The Haryana police lived up to their history. At the best of times, this force would not win a prize in any human rights competition. (Unless the only other contestants were Abu Ghraib, Guantanamo and the Punjab police. The race might then be close.) This is the state of Jhajar, where five Dalits were lynched by a mob. Their crime: they were suspected of killing a cow. The Haryana police swung into action as only they could, filing cases against those they suspected of cow slaughter. Then too, only nationwide outrage saw matters go further. Then too, the site was close enough to the capital city for the media to take notice.

Yet the present violence in Haryana speaks of newer things as well. There was something quite symbolic about Gurgaon being the venue of the protests. About “old” Gurgaon being the scene of bloodshed and mayhem. While “new” Gurgaon with its bustling, happy, mall culture, saw business as usual. Gurgaon’s mall has won the attention of media the world over. Many well-known papers, notably, the New York Times, have added lustre to its legend.

On Tuesday, one television channel was smart enough to see the contrast. The clearly better-off (and for now unaffected) having their hot dogs and coleslaw in the Mall. While the plebs battled the cops at the barricades in “old” Gurgaon. In that is a parable of an old and new India as well.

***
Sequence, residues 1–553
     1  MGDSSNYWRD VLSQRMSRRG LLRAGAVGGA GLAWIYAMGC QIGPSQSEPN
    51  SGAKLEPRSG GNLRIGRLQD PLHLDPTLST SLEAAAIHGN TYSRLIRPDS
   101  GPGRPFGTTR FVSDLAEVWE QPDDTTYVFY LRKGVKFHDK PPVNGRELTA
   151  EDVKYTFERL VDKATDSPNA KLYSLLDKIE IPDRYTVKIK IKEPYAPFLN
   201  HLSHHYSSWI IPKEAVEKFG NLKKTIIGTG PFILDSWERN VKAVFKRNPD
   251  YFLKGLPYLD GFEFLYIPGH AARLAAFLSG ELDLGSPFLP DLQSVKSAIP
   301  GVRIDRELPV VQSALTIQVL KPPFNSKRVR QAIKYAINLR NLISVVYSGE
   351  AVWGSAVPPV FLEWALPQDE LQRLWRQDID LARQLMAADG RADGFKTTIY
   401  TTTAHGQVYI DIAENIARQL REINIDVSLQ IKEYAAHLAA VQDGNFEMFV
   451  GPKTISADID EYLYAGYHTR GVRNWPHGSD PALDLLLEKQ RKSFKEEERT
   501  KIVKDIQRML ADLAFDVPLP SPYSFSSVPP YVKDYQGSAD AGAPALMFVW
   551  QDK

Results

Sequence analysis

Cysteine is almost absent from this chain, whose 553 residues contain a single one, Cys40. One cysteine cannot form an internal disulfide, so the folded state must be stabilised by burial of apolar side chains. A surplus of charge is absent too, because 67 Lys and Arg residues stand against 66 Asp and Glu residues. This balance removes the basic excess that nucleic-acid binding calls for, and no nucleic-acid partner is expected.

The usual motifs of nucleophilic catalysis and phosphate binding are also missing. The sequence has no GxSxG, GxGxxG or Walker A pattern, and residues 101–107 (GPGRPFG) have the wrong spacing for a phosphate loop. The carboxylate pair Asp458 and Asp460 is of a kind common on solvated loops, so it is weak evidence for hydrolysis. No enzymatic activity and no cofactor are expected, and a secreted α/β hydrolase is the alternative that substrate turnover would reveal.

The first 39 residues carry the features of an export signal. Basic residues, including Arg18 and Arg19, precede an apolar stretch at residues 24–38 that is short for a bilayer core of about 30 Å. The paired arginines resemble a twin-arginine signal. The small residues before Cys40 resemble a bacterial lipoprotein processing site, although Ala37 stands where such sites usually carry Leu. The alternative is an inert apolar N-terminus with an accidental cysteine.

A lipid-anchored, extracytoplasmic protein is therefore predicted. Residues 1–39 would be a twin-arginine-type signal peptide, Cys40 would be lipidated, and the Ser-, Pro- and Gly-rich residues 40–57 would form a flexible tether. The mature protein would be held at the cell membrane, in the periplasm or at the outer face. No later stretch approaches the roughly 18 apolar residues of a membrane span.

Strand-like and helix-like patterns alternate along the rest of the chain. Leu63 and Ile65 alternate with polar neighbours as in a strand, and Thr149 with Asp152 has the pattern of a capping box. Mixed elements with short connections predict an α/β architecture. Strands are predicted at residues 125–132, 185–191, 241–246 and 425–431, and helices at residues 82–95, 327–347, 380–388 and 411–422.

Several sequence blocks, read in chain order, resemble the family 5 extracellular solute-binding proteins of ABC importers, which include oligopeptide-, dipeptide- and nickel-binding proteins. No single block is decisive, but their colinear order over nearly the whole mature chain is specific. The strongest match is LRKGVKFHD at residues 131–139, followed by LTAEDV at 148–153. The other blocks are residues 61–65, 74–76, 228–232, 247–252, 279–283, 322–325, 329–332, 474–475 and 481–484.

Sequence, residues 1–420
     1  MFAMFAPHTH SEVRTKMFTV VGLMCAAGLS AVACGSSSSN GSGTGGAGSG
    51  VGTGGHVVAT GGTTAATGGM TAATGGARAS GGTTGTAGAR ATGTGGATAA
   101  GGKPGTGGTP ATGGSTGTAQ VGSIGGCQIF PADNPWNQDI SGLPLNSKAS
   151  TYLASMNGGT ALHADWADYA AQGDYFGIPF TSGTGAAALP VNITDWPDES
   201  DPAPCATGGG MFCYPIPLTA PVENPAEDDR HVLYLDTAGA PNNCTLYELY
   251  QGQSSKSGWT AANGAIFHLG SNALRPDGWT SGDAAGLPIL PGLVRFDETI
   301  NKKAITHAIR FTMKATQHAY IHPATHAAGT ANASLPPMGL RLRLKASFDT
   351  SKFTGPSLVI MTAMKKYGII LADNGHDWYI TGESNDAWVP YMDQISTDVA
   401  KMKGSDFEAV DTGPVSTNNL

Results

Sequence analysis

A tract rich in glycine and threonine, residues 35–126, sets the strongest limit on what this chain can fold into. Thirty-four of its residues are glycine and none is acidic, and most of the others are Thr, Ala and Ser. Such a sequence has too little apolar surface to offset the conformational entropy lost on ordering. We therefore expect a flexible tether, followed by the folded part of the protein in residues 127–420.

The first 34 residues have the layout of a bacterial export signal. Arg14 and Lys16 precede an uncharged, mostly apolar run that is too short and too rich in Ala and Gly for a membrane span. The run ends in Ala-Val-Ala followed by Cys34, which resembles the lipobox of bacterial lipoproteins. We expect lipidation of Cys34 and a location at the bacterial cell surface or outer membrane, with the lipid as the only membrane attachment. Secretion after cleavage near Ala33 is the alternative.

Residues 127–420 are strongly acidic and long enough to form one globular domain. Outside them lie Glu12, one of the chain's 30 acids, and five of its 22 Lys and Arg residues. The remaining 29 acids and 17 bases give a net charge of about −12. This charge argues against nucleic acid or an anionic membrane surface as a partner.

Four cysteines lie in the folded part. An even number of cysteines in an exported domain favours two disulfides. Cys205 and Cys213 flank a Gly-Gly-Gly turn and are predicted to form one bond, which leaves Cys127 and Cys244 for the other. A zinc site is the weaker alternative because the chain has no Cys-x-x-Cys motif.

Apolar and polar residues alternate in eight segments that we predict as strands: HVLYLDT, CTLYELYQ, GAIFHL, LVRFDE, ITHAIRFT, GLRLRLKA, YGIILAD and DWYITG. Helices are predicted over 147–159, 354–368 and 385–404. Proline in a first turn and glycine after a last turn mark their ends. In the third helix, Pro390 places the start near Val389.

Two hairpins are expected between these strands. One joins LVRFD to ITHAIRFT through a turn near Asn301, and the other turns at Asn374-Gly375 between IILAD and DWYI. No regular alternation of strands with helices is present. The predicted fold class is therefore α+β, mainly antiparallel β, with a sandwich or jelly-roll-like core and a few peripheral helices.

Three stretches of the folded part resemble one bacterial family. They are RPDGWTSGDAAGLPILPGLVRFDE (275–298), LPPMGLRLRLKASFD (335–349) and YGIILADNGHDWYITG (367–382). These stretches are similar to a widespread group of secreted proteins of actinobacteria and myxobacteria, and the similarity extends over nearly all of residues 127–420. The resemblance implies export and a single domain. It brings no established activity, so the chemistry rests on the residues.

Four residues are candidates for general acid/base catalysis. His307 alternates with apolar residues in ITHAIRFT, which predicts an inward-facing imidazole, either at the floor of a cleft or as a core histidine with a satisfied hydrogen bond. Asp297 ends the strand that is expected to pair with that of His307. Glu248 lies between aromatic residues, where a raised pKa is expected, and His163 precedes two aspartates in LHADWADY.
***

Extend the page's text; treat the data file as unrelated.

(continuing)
This time, much of the media got the picture, but many of them missed the point. Two channels at least, told us the police were showing “maximum” and “extreme” restraint. This against a background (reported by the same channels) of hundreds missing. Of injured persons being frogmarched from hospital to lock-ups. And of frightened people searching for their relatives. This, too, alongside visuals of police battering unarmed people lying helpless on the ground. I guess that’s the maximum restraint the Haryana police are capable of, anyway.

The second day’s violence was reportedly sparked off when frantic members of the public who turned up at the civil hospital could not find their relatives. Some of these seem to have been whisked away by police to be charged with the previous day’s violence. That inflamed matters. Note that some non-involved citizens of “old” Gurgaon got quickly involved. What they had seen angered them. And anyway, their anger had other causes, too. Oddly, those pushing the “both-sides-were-violent” line seek no action against the police. Both sides were violent, right? How come one side faces no punishment?